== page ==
The Universe is full of celestial bodies with the most diverse characteristics. How about knowing some of the most interesting astronomical facts about the cosmos?
Astronomy is one of the most fascinating areas of physics. When studying it, we come across a large number of curiosities about the Universe. In this text, we will bring you some astronomical curiosities for you to glimpse a little better the greatness of studies involving astronomy.
The Sun is a 4.6 billion year old dwarf star . Alone, it has 99.8% of the mass of the entire Solar System (about 333,000 planets Earth), ensuring that the gravity on its surface reaches 274 m/s², about 27 times greater than terrestrial gravity. The average temperature of its surface is 5500ºC, while its core can reach an incredible 15 million degrees Celsius.
Due to the great temperature and pressure in its core, the Sun is able to fuse hydrogen atoms into helium atoms , emitting energy in the form of electromagnetic waves . Despite the impressive numbers, our Sun is far from the biggest star in the universe compared to stars like VY Canis Majoris , whose diameter is around 2000 Suns.
Neutrinos are extremely light particles – hundreds of billions of times lighter than electrons – and neutral electrically. They only interact with the rest of matter through gravity and the weak nuclear force . They are produced in nuclear reactions such as those that occur in the cores of stars and in the reactors of nuclear power plants.
Because they are extremely small and poorly interacting, neutrinos can pass through even a rod of lead a few light-years long without colliding with any atom. Due to its proximity, the Sun is the largest source of neutrinos on Earth, guaranteeing a flux of 6.4.10 6 neutrinos/cm 2 /s, that is, every 1 second, at least six million solar neutrinos cross an equivalent area to one of your nails. An estimate made by astrophysicists in 2012 indicates that about 13% of the mass of the universe can be attributed to neutrinos.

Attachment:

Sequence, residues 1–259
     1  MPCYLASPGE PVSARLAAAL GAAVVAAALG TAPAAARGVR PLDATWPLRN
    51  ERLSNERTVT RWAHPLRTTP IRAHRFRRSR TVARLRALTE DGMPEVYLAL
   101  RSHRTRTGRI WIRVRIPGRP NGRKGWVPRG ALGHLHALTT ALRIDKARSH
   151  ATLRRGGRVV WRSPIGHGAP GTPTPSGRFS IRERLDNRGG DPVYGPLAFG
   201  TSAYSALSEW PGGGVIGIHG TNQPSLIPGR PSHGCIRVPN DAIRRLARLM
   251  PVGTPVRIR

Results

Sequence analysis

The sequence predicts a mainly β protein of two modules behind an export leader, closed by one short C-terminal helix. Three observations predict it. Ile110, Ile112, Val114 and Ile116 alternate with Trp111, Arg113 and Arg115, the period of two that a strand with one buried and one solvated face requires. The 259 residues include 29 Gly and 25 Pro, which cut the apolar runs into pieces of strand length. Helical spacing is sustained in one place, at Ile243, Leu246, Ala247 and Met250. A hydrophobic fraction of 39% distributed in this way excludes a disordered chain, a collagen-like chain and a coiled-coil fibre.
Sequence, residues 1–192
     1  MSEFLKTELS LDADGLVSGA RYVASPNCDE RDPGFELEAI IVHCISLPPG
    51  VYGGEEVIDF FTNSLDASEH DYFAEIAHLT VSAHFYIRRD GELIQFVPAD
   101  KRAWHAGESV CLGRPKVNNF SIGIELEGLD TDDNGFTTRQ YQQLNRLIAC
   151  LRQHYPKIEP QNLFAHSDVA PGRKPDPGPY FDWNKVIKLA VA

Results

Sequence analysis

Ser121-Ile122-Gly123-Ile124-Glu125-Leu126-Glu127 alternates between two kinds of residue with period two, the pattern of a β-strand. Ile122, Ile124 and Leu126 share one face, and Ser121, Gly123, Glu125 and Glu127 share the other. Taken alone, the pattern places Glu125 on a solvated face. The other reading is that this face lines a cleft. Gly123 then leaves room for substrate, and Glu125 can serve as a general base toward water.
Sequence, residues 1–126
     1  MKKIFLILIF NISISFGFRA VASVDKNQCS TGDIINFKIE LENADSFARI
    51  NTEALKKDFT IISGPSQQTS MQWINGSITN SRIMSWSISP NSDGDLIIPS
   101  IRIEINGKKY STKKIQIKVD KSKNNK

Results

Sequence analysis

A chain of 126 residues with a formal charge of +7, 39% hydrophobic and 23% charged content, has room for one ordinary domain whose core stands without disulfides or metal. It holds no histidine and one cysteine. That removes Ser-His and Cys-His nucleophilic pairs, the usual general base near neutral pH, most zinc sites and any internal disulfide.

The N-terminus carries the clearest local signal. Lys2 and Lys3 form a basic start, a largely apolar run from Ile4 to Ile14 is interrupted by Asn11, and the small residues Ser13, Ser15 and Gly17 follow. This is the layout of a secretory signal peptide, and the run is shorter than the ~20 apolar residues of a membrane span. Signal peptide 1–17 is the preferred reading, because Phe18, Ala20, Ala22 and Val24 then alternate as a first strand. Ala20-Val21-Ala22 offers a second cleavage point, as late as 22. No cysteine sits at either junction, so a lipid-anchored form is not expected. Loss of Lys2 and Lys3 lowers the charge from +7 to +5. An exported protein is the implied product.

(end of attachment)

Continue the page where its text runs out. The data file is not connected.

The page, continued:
Stars are black bodies
In physics, a portion of matter capable of absorbing all incident radiation is called a blackbody: no part of the radiation is reflected or transmitted through it . The same is true for the stars. Despite producing a lot of radiation, both visible and non-visible, all electromagnetic waves that fall on them are totally absorbed. So if a star stopped emitting light, its surface would be perfectly black .
It is estimated that our galaxy has between 200 and 400 billion stars and that, in the Universe, there are hundreds of galaxies, resulting in a number of at least 10 sextillion stars. However, from Earth, under the best possible conditions, only about 8500 stars are visible to the naked eye.